“Wow, so you’re just leaving him behind like that?”

Cue the entire world of good feeling and excited anticipation falling down on my head.

Yes, I am leaving him behind. It’s a temporary fix – kind of like the temporary fix where we moved back into my mom’s place because my ex doesn’t financially support us. Or like the “temporary fix” where she’s been living with her parents, with her kids, for four years.

But I am NOT abandoning him. I will drive home every weekend I am able (weather permitting), and I am renting a two bedroom apartment so he can come and stay with me often . As soon as I find an affordable daycare that I feel comfortable having my son attend, he will move in with me.

I didn’t become a mother under the circumstances I would have liked, but I am blessed to have this little boy. I love him, and I want what’s best for him. An unhappy mom who never realized her dreams is not what’s best for him. A mom who’s working a minimum wage job and barely getting by is not what’s best for him.

So, to every person who feels that I am a bad mom for making a tough decision that they don’t have to make:

Walk in my shoes for a day. Feel the hurt that I feel in my heart day in and day out. Experience the fear I have for what the next year of my life is going to entail. Feel the loneliness I live with, knowing that I really have no one I can talk to who truly understands what I’m going through. After you’ve done that, go ahead and judge. Call me a bad mother… but you might be surprised to know that your opinion has changed.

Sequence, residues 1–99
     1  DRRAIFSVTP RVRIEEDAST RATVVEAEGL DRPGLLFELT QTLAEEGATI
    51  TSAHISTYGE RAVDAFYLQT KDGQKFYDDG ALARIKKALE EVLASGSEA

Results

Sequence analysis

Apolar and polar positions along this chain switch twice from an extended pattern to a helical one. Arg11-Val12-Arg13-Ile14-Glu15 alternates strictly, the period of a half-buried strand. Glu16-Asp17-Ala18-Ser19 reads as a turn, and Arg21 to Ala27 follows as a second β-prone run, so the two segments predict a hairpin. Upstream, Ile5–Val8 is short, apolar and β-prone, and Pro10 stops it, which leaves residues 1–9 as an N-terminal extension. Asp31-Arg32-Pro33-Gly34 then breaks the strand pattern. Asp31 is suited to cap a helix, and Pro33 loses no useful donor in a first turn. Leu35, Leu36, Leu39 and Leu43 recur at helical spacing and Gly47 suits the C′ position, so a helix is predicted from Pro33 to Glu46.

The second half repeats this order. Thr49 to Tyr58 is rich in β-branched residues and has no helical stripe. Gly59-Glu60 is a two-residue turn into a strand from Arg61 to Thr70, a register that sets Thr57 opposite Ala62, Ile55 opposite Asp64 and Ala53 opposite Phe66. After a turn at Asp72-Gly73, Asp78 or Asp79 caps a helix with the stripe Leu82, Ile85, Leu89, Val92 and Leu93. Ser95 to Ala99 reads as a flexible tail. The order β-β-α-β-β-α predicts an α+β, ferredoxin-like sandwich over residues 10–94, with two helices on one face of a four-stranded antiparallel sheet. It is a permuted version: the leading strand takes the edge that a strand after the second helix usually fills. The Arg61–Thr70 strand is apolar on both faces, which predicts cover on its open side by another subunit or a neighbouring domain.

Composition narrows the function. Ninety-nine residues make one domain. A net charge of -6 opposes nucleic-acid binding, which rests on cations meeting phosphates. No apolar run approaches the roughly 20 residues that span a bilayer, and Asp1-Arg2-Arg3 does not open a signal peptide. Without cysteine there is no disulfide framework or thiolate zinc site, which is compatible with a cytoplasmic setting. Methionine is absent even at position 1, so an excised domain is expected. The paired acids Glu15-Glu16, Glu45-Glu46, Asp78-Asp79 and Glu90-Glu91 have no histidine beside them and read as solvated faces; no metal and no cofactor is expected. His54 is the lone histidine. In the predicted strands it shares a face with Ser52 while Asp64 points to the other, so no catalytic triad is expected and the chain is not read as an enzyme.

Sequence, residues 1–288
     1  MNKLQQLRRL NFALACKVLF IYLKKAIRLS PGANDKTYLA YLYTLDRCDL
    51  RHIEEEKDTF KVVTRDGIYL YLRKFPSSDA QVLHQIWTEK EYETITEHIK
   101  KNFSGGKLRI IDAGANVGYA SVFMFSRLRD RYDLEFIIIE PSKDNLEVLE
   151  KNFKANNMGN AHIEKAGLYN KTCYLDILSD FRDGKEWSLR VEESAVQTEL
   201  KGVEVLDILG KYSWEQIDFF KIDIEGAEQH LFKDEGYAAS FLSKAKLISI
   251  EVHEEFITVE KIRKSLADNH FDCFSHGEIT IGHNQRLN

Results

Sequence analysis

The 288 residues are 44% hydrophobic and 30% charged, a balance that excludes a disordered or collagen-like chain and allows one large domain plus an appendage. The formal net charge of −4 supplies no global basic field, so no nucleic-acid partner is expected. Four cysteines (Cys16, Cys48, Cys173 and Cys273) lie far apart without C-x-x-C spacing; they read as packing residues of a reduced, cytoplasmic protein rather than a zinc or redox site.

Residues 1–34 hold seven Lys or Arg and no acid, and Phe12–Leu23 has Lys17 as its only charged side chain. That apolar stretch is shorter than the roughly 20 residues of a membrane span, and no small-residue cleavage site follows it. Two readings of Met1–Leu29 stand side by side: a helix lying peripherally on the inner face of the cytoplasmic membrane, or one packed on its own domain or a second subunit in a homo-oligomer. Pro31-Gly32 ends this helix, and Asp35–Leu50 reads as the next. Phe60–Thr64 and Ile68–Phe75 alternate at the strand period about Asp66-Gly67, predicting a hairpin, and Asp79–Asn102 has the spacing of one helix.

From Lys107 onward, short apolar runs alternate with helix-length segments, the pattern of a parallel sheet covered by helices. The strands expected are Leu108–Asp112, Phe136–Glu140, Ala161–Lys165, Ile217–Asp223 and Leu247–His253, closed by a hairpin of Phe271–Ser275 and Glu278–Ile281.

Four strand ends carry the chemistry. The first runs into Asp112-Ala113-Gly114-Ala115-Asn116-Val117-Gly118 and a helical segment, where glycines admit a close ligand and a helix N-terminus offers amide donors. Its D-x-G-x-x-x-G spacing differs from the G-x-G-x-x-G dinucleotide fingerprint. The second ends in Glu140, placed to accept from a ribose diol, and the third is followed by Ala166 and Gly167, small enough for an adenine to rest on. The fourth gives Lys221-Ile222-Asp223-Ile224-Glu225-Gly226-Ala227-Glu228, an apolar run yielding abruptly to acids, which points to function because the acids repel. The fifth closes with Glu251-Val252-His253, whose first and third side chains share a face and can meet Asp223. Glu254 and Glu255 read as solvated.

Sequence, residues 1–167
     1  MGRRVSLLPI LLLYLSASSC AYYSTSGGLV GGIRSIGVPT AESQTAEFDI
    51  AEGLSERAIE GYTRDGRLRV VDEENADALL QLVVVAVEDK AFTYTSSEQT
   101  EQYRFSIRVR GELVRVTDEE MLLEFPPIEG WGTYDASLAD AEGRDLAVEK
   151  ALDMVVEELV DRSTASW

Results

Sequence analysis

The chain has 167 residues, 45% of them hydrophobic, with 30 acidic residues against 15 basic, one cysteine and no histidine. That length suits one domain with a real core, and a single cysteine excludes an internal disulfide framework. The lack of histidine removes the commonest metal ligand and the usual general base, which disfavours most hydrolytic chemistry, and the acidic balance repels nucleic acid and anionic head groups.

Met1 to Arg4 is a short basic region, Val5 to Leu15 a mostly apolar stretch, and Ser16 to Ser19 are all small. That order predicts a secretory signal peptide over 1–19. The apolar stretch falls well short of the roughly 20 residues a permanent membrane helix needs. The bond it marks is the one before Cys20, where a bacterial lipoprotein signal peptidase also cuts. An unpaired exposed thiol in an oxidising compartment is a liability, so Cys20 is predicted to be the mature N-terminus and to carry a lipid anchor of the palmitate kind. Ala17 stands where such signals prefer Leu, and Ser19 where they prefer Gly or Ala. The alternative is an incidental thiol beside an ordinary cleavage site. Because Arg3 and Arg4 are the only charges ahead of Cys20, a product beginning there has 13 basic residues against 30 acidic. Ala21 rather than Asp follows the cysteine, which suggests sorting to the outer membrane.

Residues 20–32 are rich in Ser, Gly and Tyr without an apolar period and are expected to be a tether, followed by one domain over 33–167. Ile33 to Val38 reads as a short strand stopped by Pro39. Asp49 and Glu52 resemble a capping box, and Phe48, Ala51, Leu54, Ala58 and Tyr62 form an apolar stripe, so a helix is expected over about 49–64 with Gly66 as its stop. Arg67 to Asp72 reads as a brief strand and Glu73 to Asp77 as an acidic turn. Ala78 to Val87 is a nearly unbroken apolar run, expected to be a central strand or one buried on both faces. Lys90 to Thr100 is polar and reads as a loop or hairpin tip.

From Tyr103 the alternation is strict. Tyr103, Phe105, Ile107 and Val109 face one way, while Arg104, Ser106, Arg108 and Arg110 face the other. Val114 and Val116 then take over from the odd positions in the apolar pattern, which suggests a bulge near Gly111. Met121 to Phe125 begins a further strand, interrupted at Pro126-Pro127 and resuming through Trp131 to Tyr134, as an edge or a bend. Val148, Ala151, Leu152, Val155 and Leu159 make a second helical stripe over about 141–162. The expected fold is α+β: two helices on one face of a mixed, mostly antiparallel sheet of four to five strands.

F and I, being silly.

 
 

I never once complained to be perfect. Finley goes to bed late, watches TV, and sometimes to avoid a fight, I let him skip brushing his teeth. But I love him and cherish him and you can never take that from me.

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7 thoughts on “Standing up

  1. Go you! I think you have a great plan that, looking into the future, is going to be a healthy one for you and him. In the short-run it will be hard and there will be tears and sadness. But a mother who betters her circumstances, makes plans for the good care of her child, and does this with confidence should be judged: awesome.

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  2. I think what you are doing is well considered. As a single parent, you have fewer options and more difficult choices to make that many people may realize. While this period will be a challenge, I expect that your drive to make things better will reflect positively in your son's attitudes and character as he grows up.

    In the end, you are the one having to make the tough choices based on the available options. Not anyone else.

    Wishing you much success in the days to come. May you get to the place where your choices are more plentiful and easier to make.

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  3. See, when I read this I don't see a selfish Mom. I see someone who is sacrificing so much so that the life of her child will be better. You're trusting him with people who love him for his sake. Leaving him will be so hard on your Mama-heart. And while you are bettering your life, you are also improving his.

    I am amazed at the extent you are going for your son. I hope it proves to be the best decision for both of you.

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  4. Laura – It is wonderful to know that someone can see what I am hoping to achieve. My Mama-heart has her armour on from here on out, but the hurt has already begun to dull… I know the end result will be more than worth it.